Lotte Lehmann, of course, was the leading lyric German soprano of the second quarter of the 20th century. She was especially fond of both Korngold’s opera and of its soprano aria. She sings the aria with the sensitive fragility for which she was noted. The limited tonal range of the electrical recording process limits the impact of the performance. Ich ging zu ihn Lehmann.

The Bulgarian soprano Anna Tomowa-Sintow recorded this aria as part of a complete recording of the opera made in 1992. Nicolai Gedda sings the small part of the Blind Chief Justice. When he makes his appearance in the middle of the 2nd act his voice is instantly recognizable. He’s clearly the best singer in the performance. Too bad he didn’t take the part of The Stranger. The entire opera with a synopsis and cast can be had here. John Mauceri conducts a dynamic reading of the score. Ich ging zu ihn Anna Tomowa-Sintow.

The Viennese soprano Ilona Steingruber had the bad luck to make her operatic debut in the middle of World War II (1942). She had a modest career; this recording is one of the few she made. It’s quite good and suggests had she come along at a different time that she might have made more of an impact on her profession. Ich ging zu ihn Ilona Steingruber.

Dagmar Schellenberger is a German soprano with a wide repertoire. She is still active and is best known for her portrayal of Blanche in the La Scala production of Poulenc’s Dialogues of the Carmelites. She give a very passionate performance of the aria – excellent. Dagmar Schellenberger Ich ging zu ihm.

Finally, here is Annemarie Kremer’s account of the aria. She is a Dutch artist currently in mid-career. Annemarie Kremer Ich ging zu ihn.

As a bonus here is a suite from Korngold’s great music for The Seahawk which starred Errol Flynn. Notice how at about the 8 minute mark the music sounds just like score of one of his operas.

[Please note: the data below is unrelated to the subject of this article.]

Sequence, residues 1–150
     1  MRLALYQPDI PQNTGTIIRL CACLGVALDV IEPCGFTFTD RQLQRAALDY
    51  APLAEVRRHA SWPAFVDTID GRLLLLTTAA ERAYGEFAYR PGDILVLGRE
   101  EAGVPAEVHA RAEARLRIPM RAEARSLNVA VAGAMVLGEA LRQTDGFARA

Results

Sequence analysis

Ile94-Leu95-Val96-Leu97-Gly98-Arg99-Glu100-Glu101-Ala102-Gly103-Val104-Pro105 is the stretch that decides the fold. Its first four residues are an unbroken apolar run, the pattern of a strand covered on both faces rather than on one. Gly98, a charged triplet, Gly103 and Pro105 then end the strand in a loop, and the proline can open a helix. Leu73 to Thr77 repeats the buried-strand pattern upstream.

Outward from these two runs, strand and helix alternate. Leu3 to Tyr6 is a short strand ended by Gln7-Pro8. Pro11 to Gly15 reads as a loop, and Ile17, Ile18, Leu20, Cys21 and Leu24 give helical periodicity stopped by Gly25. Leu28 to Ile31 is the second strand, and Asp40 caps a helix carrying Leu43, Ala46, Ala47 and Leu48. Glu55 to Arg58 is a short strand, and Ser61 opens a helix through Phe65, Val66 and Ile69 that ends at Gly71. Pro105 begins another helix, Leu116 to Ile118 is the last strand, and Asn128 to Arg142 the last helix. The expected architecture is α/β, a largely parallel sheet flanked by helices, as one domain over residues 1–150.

Ich ging zu ihm, der morgen sterben sollt.
Der Abend neigte sich–da ging ich hin.
Er bat mich um mein Haar, ich gab es ihm.
Er bat um meine Füsse. Aus den Schuh’n
Trat ich und gab ihm die entblössten Füsse.
Er warf sich hin, erflehend meinen Leib,
Da löst ich das Gewand von mir und stand,
Wie mich mein Gott erschaffen, vor ihm: nackt.
Ich war sein in Gedanken…ja, ich war’s!
Auf meinen Knien bat ich zu Gott, dass er
Die Kraft mir schenke, dies zu vollenden.
Nicht hab ich ihn geliebt. Nicht ist mein Leib in Lust entbrannt.
Doch schön war der Knabe
Schön wie ein Stern im Vergehen. Und neigt ich mich,
So tat ich’s, damit sein armes Aug
Noch Liebe könne sehen, ehe dass es bräche.
Und also schwör ich, Gott nehme mich hinauf in den Himmel,
So war ich nun schwöre:
Nicht hat mich Lust meines Blutes zu jenem Knaben getrieben,
Doch sein Leid [hab’ ich]
Mit ihm getragen, und bin in Schmerzen
Sein geworden. Und nun tötet mich.


I went to him, who was supposed to die the next day.
Evening was falling as I went to him.
He asked for my hair, I gave it to him.
He asked for my feet. Out of my shoes
I stepped and gave him my bare feet.
He threw himself down, begging my body,
I loosened my garment and stood,
before him as God made me: naked.
I was his in thought…yes, I was!
On my knees I begged God to
Give me strength to accomplish this.
I did not love him. My body did not burn with pleasure.
But handsome was the boy,
Fair as a star. And if I humbled myself,
I did it so that his poor eyes
Might yet see love, before they closed.
And this I swear—may God take me up to heaven,
I now truly swear:
Pleasure of my blood did not drive me to that boy,
But his grief I bore
With him, and in pain
I became his. And now kill me.